I have likely made a fantastic many errors over the course of my photography career, but one might well still be affecting me today. The concern is, are you making it, and if you are, should you do anything to alter?
There are photographers out there that pick a genre and then not do anything else for the rest of their lives. I appreciate these people, and I believe they have the highest likelihood of becoming really terrific at whichever genre they ended up being a devoted disciple of, but I am not one of them. I began my journey with a camera off the back of a burning curiosity for macro photography, but it didn’t take long before I wished to attempt every category of photography I might find. In truth, in the very first two years of owning a camera, I tried macro, wildlife, landscape, astro, portraiture, fashion, animals, products, sport, and I suspect numerous others I can’t remember.
In the really first stages of a photographer’s profession (by which I mean taking photos as opposed to photography as a job), exploring as much as possible is important. As holds true with numerous things, the view from outside a craft or pastime is usually a decent quantity different from the experience within. That is, you may believe you adore portraiture and they are the type of photos you want to produce, however then when you’re in person with a subject and directing them, maybe a few of the magic is dispelled. For that reason, to people who have actually just bought their first video camera and message me for guidance, I will constantly prescribe trying anything and everything; from various categories to techniques.
However, when a beginner has got a lay of the land and a sense of what they do and do not delight in, what is the next action? For the maximum ability gains and pleasure as a photographer, how should one continue? This is where I think I slipped up. I continued to try out every category as often as possible, and in all honesty, I still dabble with a broad series of shots; I delight in photography and don’t want to be limited. However, as somebody who wished to end up being a great professional photographer (a pursuit I have not ended up and most likely never will), I needed more direction. To improve the quickest, I needed to practice a couple of categories of photography persistently, as opposed to shooting anything and whatever.
There have been a couple of times in my profession where I have actually ended up being really concentrated on one category and the outcomes was necessary. The very first circumstances was with portraiture, the second was macro, and the 3rd (which is connected closely with both of the others) was with the specific niche of watch photography. Not long into my time as a professional photographer I discovered the images I wished to take a look at– and would spend hours looking at every single day– were portraits. They weren’t my initial intention in photography, however they quickly ended up being an obsession, and I don’t utilize that word lightly. For many years I chose a “picture of the day” and released it– every day. There are around 1,000 on the Pinterest board which you can find here. I really could not get enough of looking at portraiture and I was taking as numerous portraits as I could too.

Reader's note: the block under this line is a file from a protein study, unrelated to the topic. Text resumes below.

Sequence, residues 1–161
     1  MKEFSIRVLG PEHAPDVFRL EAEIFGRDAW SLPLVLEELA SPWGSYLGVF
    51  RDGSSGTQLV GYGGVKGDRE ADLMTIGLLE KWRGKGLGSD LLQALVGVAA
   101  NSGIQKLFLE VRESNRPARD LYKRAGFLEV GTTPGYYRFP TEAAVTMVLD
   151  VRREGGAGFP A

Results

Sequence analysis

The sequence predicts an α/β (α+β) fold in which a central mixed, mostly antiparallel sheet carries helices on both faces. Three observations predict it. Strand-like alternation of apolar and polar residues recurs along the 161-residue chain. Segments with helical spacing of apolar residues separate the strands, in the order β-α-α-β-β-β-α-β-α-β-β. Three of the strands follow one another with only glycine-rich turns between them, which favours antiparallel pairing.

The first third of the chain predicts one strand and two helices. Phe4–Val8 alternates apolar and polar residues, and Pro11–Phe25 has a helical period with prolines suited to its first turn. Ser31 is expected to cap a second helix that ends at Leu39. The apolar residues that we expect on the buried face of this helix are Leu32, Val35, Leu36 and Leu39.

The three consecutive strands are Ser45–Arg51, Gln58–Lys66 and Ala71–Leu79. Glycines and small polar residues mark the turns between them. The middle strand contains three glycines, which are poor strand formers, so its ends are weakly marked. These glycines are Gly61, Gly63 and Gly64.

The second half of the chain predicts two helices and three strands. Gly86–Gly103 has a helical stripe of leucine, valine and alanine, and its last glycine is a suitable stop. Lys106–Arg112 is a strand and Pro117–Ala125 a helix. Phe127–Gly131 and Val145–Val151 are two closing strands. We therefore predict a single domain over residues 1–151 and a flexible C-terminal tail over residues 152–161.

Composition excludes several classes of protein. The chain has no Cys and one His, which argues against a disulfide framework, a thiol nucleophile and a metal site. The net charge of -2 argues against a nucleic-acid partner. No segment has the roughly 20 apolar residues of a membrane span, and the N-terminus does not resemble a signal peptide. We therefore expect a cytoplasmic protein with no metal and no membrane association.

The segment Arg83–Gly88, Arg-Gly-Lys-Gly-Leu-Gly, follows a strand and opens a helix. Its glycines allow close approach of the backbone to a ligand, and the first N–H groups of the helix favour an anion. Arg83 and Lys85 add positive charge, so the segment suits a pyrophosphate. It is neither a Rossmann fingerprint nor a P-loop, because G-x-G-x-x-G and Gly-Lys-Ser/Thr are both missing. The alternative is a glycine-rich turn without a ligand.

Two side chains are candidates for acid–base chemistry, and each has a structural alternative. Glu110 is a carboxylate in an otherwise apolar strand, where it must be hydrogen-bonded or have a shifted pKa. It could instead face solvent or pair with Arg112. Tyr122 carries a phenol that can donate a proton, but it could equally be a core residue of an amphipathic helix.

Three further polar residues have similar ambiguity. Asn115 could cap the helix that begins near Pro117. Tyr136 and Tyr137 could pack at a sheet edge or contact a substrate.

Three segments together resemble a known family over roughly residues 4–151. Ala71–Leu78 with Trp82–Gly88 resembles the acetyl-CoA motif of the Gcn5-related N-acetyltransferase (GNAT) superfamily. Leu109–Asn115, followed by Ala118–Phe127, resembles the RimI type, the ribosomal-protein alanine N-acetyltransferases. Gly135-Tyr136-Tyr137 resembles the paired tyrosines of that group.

The second was less of a fascination and more of a constant desire. I loved wandering around nature taking images of bugs and I would do it most days for a minimum of the first couple of years as a professional photographer, regardless of living in a nation where interesting subjects are rare! I have a hard disk filled with images of bees, hoverflies, wasps, ladybirds, and the periodic run-of-the-mill British spider. I did, however, purchase a Huge Asian Praying Mantis as you can see above and he was with me for almost 2 years!
The third was watch photography which combined macro and a brand name of portraiture. It was born of a long-lasting love for watches and wanting to record them in ways that revealed what I loved about horology; the craftsmanship, the materials, the intricacies, and so on. However, why does this matter? Well, I never enhanced more, reached a higher requirement of shot, and accomplished more consistency than when I was in these states of tunnel vision. Direction and focus increased gains exponentially, and I should have recognized and harnessed that knowledge.
To master a genre, a photographer needs to regularly pursue it, looking for to improve at every action. While I was keen to enhance, the varied range of shots I wished to take detracted from the supreme goal of becoming fantastic at a genre. Recalling at my goals when I initially began, this was an error. I might have still dabbled, but I needed to have more discipline and spent the vast majority of my time on one genre (or at a push, two.) However, recalling over the last decade of photography, would I change anything?
I have actually put a lot of believed into this question– most likely excessive– and I’m uncertain I would. I believe that more instructions and discipline in a specific category would have rendered me a much better professional photographer of whatever category that was, however at what cost? My love for photography is tied up in the variety of the craft and in that, I seldom get tired of it. There is also no warranty that I would have been much more detailed to greatness, or that the areas I improved in would have yielded rewarding results; more cash, more success, and so on. Nevertheless, it’s a path not taken, and it’s one I can’t help but question.
Have you narrowed your craft to one category? Did it settle for you? Or, do you regret not being more disciplined in your instructions? Share your experiences in the remark area listed below.
Lead image by Luis Quintero by means of Pexels